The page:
Born Melbourne, 1962, lives and works in Melbourne.
Prudence Flint paints around six to seven painstaking oil-on-linen canvases a year that depict an internalised, novelistic world. Ostensibly populated by women, largely indoors, seated, lying down, in stylised pared-down rooms, or occasionally, in simplified outdoor settings, but still architectonic environments; formal gardens, parks, forests. Mostly alone, sometimes in small groups, Flint’s women, mostly, if doing anything, do little, or it appears so. They are dressed, mostly – neat skirts, ankle socks, cashmere sweaters, or underwear; matching, good quality bra and panty sets, sometimes disjunctive, yellow bra, red knickers. Sometimes women are captured washing, or in mid-ablute, showering, inserting contact lenses, brushing hair, sitting thinking or just sitting.
In a classic work from 2015, Sister, two (we assume) sisters – different hair colouring – feature together, sort of. One standing the other seated. Perhaps it’s the same person in temporal flux? No eye contact is established with the other or the viewer, but each looks (eyes directed towards, but perhaps without seeing much) to different parts of what might be a room, suggested primarily by a steeply angle tiled or carpet-tiled area. The only furniture otherwise designating the nature and/or purpose of the shallow space is a dressing screen, partially draped with two items of clothing, previously removed, or to be added. In this instance, no underwear matches, all disjunctive, with the standing figure’s spotted briefs graced with a small pink bow. The figures distorted, following a logic more akin to early or pre-renaissance compositions, than the strictures of Albertian, mimetic perspective. They still somehow allude to ‘real’ bodies, rather than mediated, re-touched or commodified images of women. There are numerous associations, art historical correlations, that can be drawn to Flint’s paintings, but none are either quite or entirely right, as her work is what it is, her work. It stands alone, but alongside the ideas of the Colombian painter Fernando Botero, the angularity of Katz, touches of Dorothea Tanning, but more-so Flint’s surrealism comes from its ‘normalness’, and is less consciously ‘strange’. Nothing-out-of-the-ordinary-to-see-here, move along…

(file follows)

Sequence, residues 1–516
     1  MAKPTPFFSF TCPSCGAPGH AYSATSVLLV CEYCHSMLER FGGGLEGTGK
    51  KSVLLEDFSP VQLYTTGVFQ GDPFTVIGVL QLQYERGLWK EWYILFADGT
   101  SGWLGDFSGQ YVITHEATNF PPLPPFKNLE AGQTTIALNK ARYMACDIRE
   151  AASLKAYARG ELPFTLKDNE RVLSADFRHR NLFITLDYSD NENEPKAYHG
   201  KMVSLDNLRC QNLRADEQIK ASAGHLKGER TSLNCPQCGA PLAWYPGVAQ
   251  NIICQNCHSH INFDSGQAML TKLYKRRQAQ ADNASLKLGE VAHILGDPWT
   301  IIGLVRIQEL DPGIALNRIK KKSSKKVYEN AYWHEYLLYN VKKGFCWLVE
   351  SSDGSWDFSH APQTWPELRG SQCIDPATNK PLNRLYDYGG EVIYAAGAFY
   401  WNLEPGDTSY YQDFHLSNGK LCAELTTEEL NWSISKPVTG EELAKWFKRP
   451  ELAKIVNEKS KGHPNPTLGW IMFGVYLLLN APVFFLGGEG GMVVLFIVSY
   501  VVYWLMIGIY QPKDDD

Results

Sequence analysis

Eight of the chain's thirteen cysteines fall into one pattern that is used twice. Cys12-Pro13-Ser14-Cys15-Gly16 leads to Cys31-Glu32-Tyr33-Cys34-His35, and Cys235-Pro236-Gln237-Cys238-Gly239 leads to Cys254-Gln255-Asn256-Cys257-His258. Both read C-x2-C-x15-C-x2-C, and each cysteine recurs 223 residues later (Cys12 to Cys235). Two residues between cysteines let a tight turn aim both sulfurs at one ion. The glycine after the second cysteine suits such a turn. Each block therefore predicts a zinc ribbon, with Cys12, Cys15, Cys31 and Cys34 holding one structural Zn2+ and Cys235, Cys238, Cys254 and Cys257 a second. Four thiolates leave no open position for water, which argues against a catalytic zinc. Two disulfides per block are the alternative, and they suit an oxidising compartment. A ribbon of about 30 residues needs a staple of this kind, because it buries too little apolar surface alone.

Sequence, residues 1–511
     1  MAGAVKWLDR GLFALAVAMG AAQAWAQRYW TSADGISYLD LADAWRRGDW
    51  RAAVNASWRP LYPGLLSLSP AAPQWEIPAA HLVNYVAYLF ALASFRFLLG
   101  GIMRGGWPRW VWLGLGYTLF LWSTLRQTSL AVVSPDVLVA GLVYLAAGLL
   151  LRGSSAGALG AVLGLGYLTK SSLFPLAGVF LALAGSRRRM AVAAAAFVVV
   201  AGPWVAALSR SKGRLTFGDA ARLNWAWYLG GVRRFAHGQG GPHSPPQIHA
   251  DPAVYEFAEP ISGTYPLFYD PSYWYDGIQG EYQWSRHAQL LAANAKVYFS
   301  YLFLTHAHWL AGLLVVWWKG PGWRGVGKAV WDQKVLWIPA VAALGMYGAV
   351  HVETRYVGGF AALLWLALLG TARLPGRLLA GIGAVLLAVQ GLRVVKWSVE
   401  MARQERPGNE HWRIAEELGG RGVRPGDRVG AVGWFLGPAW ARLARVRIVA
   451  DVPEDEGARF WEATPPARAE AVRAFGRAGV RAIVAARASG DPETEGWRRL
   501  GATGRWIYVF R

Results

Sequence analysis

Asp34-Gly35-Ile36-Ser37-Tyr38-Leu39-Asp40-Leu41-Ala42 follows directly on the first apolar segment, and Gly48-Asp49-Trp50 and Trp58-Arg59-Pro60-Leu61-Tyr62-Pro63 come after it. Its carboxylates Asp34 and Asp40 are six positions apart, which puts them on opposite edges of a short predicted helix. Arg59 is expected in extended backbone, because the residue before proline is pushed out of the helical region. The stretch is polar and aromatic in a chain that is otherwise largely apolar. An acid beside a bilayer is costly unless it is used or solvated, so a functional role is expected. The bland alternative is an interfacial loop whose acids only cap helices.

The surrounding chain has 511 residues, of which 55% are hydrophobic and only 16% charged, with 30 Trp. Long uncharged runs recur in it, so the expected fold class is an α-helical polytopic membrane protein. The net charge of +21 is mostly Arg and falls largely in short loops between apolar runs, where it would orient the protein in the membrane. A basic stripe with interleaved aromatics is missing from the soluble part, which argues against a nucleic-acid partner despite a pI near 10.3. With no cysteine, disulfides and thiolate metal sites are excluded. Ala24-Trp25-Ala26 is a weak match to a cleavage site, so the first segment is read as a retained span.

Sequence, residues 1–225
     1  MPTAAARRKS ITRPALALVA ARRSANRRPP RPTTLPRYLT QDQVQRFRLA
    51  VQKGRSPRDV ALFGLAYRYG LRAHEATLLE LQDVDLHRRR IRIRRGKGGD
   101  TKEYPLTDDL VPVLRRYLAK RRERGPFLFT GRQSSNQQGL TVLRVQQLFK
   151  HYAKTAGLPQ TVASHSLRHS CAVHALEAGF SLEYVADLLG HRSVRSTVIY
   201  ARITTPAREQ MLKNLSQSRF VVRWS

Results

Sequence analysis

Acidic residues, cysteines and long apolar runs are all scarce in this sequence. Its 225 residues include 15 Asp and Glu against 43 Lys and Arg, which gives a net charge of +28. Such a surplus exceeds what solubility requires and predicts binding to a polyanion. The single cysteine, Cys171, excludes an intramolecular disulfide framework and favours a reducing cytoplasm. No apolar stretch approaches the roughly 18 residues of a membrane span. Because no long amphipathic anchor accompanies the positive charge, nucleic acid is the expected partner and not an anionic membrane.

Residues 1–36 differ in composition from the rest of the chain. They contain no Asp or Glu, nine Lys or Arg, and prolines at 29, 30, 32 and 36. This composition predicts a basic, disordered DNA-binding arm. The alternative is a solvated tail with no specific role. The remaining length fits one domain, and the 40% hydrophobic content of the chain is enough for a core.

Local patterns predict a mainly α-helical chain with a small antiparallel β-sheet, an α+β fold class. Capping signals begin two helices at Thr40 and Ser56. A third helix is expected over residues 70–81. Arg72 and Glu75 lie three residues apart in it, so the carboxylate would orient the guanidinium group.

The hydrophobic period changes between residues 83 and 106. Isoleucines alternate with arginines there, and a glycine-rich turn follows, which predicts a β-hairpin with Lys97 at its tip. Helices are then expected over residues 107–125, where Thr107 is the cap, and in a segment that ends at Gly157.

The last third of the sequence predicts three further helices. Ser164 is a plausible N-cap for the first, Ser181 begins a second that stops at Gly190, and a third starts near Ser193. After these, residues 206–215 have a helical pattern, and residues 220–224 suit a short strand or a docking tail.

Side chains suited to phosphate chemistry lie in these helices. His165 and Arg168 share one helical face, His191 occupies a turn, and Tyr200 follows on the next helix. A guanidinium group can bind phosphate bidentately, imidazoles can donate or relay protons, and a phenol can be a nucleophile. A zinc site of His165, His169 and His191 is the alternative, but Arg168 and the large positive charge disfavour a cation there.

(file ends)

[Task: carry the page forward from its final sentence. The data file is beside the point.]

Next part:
Prudence Flint has worked within the Australian artworld for three decades, steadily arriving at significant national attention, winning numerous prizes and awards, including one of the world’s most valuable painting prizes, (The Doug Moran Prize 2017). And by joining mother’s tankstation in 2019, has only recently begun the journey to the internationalisation of her career. She is accordingly experiencing the critical acclaim due to an exceptional painter whose elegance of execution and originality of subject matter is arguably un-paralleled. Recent solo exhibitions include: The Call, mother’s tankstation, London (2021); The Wish, Fine Arts, Sydney (2020); The Visit, mother’s tankstation, Dublin (2019), with notable group exhibitions including, ME: An exhibition of Contemporary Self-Portraiture, High Line Nine, New York (2020), Archibald Prize, Art Gallery of New South Wales, Sydney (2019 and 2018). Flint has been selected to participate in the upcoming 2023 NGV Triennial, opening 3 December 2023, at the National Gallery of Victoria, Melbourne.